Why I Would Be Happy With The Houston Astros Finishing In Dead Last


It pains me. It really does. I was hoping I would not have to write this article in 2014, but I do.

There is nothing more in life, save for a few things, that I want more than an Astros World Series win. I think I speak for 99 percent of people actually reading this article. Right?

So hear me out.

The Houston Astros stink. They do. Any outsider would agree. Many members of the front office would agree. Heck, many players will agree. They are not a good baseball team. They just aren’t. It happens.

There are three players hitting above .275 this season that have donned the Astros orange; Jose Altuve, Enrique Hernandez, and Gregorio Petit. One of them is no longer an Astro, the other has just 22 at-bats this season.

Jun 22, 2014; St. Petersburg, FL, USA; Houston Astros starting pitcher Dallas Keuchel (60) throws a pitch against the Tampa Bay Rays at Tropicana Field. Tampa Bay Rays defeated the Houston Astros 5-2. Mandatory Credit: Kim Klement-USA TODAY Sports

Their pitching, surprisingly, has actually done quite well. Dallas Keuchel and Collin McHugh have been outstanding this season. Tony Sipp and Chad Qualls have done pretty well. Not too bad.

But as a team, they just are not good. Not consistently good.

We saw a nice stretch of baseball in May and June where the Astros were actually playing competitive baseball. It was awesome. Those days were amazing and I long for them to return. However, I just don’t see them coming back this season, and frankly they shouldn’t.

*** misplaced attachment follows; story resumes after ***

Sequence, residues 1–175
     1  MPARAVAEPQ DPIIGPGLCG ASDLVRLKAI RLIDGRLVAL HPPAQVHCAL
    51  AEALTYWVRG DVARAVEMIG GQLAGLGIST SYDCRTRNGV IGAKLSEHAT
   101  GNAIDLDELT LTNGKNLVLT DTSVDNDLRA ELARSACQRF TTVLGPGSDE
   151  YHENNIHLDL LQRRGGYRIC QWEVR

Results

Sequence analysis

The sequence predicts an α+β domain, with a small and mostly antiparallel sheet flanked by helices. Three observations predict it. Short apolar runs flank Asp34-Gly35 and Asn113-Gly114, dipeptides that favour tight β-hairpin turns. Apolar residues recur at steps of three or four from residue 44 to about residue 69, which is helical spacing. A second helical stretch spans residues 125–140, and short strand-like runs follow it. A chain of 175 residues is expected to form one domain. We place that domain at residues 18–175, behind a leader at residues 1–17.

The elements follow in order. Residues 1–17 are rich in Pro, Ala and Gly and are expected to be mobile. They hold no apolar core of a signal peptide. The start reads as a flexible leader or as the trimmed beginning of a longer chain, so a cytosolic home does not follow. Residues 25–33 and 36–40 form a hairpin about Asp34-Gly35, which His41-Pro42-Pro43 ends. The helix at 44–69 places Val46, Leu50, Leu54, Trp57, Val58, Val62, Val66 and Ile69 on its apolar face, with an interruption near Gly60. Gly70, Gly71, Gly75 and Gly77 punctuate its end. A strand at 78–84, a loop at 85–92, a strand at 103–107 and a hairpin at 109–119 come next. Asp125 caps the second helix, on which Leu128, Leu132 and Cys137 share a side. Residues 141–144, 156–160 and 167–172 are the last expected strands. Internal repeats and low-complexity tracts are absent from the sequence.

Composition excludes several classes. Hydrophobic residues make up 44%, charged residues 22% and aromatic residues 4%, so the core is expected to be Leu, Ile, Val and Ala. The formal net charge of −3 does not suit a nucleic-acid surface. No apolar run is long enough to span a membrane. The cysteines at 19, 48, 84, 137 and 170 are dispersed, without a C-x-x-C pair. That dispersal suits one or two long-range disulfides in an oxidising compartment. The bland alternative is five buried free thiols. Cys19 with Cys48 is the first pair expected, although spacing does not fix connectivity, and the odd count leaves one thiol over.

As it stands today, the Astros are in 28th place in MLB. They are 2 games ahead of the Texas Rangers and 1.5 games ahead of the Colorado Rockies. They aren’t going to be playing into late October.

The last three seasons of Astros baseball has been pretty much the same; horrendous. This year we have seen some light at the end of the tunnel, but we’re still far away from the end.

56, 106, 55-107, 51-111. Those are our records the last three years. I hate it. You hate it. Jim Crane hates it. Jeff Luhnow hates it. We all hate it.

Each of the last three seasons the Astros broke their franchise record for most losses in a season. Each of the last three seasons we asked ourselves when this would change. Each of the last three seasons we argued about how the Astros should improve their team, spend money on their current roster, stop the rebuild.

But the Astros haven’t veered from their plan. It wasn’t meant to be a three-year rebuild. Realistically (unless there were Stephen Strasburg‘s and Bryce Harper‘s available in each draft at 1.1, AND everything else turned 100 percent in the Astros’ favor), it wasn’t going to be a five-year rebuild, either. It was likely going to be at least six or seven years before the Astros played over .500 baseball.

2014 was a season in which many Astros fans were hoping for an improvement, myself included. Unfortunately, things haven’t exactly turned out the way the Astros had hoped. They lost their 2012 #1 overall pick, Carlos Correa, to a season ending leg injury. 2013 #1 overall pick, Mark Appel, lost about a half a season with several injuries. 2014 #1 overall pick, Brady Aiken, wasn’t even signed.